The Grand Return of Concerts Has Been Cathartic, and I Will Never Take Them for Granted Again
BY MEGAN WRAY
Lights suddenly darken. Curtain slowly lifts. Twelve thousand screams crescendo as souls find their voices again.
Bass notes echo through speakers, blurring the space between me and the crowd of buzzing bodies beside. A pulsing beat injects my veins with electric adrenaline, overtaking my chest until my arms have nowhere to go but up, bouncing on my feet like the ground beneath is lava.
Spotlights illuminate the pitch-black sky, dancing like makeshift shooting stars. Stars that I wouldn’t bother wishing on, because everything I’d dream for is right here in front of me.
Live music is back. After 16 months, we made it.
The melody kicks in, and in it, I hear a heavy sigh. A collective relief. Less an anthem, more a standing prayer. We’ve gotten up off our knees, lifted ourselves back up to honour a higher power. A spiritual experience we’ve forcibly renounced, now baptised once again.
I’m not religious, but this is my place of worship. Lost in a sea of strangers who don’t seem so strange to me. This is where I’m part of something bigger than myself. Where each breath is nothing short of divine.
And I hold onto every one, grounding myself between moments of euphoria. I wish I could bottle this energy — freeze this second in time and stay here forever.
Because this moment wasn’t a given. It wasn’t guaranteed. We didn’t know if we’d ever make it back here. We easily couldn’t have. Buying tickets to the next show used to be as reliable as a sunrise. Always exciting, always predictable, and never far away. Yet for a year and a half, as we battled through the pandemic (and continue to do so), no one knew when we’d be able to return to this sanctuary safely.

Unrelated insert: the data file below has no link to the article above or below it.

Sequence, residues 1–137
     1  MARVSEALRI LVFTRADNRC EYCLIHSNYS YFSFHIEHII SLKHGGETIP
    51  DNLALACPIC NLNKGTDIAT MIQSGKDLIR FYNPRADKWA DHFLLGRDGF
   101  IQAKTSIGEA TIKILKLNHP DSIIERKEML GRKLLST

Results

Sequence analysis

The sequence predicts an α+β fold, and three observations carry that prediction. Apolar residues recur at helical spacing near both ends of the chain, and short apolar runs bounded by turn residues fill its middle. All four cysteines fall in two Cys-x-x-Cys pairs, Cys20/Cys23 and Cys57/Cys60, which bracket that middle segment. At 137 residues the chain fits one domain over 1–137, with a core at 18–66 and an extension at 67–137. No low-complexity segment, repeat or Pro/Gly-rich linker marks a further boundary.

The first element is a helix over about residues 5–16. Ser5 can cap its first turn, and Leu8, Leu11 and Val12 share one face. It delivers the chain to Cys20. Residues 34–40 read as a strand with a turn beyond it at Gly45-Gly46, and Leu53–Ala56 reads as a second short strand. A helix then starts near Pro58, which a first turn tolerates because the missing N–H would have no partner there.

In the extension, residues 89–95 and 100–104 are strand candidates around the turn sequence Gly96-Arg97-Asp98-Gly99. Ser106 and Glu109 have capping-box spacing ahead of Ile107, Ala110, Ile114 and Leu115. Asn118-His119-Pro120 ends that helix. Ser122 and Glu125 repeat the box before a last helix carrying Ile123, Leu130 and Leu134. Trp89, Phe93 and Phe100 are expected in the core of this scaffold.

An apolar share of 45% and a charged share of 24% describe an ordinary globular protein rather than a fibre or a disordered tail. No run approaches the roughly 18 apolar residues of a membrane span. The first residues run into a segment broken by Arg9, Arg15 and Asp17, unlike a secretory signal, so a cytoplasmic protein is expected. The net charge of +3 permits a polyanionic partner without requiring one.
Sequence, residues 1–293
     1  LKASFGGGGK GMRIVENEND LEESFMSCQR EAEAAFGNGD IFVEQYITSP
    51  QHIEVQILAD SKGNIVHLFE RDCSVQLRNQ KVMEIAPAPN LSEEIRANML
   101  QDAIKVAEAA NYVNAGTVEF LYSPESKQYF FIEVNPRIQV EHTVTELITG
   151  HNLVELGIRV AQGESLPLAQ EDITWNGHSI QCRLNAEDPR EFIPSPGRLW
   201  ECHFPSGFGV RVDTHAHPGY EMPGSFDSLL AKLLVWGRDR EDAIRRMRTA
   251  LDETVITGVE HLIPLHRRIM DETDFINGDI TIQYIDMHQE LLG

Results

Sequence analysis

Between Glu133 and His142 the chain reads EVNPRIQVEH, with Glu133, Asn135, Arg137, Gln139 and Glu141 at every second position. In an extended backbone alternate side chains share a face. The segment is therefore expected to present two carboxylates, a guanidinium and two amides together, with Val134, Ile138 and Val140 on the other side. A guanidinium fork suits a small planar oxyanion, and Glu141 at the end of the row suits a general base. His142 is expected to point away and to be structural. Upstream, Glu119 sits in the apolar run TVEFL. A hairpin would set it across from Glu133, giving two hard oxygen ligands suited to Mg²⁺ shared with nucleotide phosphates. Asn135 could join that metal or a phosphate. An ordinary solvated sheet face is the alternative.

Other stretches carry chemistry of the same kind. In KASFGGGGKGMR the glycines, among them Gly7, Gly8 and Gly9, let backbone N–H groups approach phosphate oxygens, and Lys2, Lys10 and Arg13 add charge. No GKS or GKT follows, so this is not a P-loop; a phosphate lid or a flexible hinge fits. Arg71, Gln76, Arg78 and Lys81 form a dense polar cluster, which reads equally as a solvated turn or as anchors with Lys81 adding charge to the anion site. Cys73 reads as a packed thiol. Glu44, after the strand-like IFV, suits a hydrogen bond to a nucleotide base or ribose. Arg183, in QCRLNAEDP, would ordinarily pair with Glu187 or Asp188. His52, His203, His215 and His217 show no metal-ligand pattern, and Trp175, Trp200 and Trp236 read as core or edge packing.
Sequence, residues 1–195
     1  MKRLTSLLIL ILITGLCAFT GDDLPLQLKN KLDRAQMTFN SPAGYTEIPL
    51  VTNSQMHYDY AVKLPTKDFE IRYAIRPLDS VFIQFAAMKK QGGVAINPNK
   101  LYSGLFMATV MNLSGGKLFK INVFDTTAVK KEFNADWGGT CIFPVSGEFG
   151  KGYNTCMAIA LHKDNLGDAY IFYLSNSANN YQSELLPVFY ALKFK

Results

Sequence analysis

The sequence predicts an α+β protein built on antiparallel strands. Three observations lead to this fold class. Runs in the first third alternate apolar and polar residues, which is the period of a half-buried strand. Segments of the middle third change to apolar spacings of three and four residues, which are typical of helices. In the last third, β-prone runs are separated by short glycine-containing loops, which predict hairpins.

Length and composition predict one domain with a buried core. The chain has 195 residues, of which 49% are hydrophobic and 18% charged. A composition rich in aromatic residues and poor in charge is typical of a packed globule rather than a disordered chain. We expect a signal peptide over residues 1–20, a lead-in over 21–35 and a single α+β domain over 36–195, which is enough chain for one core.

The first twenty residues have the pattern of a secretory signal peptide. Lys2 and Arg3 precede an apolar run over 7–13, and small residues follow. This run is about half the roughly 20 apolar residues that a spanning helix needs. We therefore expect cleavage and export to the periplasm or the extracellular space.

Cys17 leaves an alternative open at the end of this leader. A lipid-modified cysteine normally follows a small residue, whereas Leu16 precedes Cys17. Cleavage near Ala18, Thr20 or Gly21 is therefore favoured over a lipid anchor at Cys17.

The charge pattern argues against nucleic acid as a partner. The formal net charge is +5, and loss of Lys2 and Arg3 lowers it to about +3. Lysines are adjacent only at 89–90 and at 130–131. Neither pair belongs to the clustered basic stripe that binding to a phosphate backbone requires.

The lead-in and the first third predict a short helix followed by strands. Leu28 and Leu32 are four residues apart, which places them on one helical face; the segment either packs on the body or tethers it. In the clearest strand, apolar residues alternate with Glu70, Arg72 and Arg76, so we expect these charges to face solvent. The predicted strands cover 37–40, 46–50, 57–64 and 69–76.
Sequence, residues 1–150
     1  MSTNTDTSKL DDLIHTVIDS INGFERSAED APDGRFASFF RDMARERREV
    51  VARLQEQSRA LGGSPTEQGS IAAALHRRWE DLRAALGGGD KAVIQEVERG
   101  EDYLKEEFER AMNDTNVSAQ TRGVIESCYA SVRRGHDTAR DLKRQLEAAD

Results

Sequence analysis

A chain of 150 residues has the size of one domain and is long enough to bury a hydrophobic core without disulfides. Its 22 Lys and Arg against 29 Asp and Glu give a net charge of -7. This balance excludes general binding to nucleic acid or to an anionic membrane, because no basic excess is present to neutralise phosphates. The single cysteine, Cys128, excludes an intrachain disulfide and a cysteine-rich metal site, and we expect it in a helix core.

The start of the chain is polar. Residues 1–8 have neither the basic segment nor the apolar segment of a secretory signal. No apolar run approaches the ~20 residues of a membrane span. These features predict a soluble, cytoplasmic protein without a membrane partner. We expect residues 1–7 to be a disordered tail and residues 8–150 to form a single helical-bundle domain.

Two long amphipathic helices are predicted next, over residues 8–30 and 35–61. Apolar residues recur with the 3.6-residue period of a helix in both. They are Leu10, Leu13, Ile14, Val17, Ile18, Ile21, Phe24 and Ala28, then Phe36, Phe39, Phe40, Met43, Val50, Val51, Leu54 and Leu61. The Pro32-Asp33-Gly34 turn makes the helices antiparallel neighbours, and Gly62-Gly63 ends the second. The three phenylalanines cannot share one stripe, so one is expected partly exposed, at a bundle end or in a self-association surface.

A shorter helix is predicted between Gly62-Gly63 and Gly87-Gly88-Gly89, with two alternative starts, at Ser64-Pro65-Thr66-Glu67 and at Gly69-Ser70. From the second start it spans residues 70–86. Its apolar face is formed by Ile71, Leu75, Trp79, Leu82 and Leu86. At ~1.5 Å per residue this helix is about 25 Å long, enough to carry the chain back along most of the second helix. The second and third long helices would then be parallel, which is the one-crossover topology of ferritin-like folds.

And if it wasn’t for the healthcare workers we celebrated nightly by banging on makeshift drums, the grocery store clerks who missed paychecks awaiting test results, or the scientists piecing together mRNA sequencing like the world’s most intricate jigsaw puzzle, we wouldn’t be back here.
In a time when everything was keeping us apart, the community came together. We missed birthdays, holidays, funerals, graduations. Skipped hugs, goodbyes, hellos, first words, and last kisses. Then 2,670,621,618 people around the world got a couple of shots to keep their neighbours safe. All so we could finally return to each other again.
And on a beautiful, moonlit August evening in Toronto, we did exactly that. Twelve thousand people showed up to a sold-out Arkells concert for the first time since April 2020. Thankfully, that group of passionate, talented musicians gave us a home to come back to.
Like so many others, I turn to music when I feel lost. And when I’m in a crowd of thousands, singing to the songs that guide me, I know I’m less alone. But what happens when that escapism is no longer available? When that safe space is no longer safe?
I lost a part of myself during those 16 months. What used to be my light in a dark tunnel became a twisting labyrinth — hauntingly quiet. As I sat within the same four walls day in and out — anxious, hopeless, scared — the idea that live music might eventually return was my saving grace.
“I put my shoulder to the wheel, and I just kept rolling,” as Arkells said — I repeated these words to myself, knowing I’d get my happy place back someday. I had no choice but to believe it would happen, no matter how far away it felt. And when it did, it was cathartic. I felt like myself again for the first time in a year and a half. I felt life return to me.
There’s an indescribable warmth to these returns. They say you don’t know what you have until it’s gone, but I’m not sure I’ve ever believed that. I’ve always known how sacred these shared experiences are.
But I do think that we’ll all hold a much greater appreciation every time we step into a stadium, bar, or concert hall for a long, long time. We’ll remember how lucky we are to be back, arm in arm again.
I think we’ll continue breathing that heavy sigh as the beat kicks in. The lights will darken, the curtain will rise, and we’ll say a silent “thank you” to everyone that allowed us to come back home.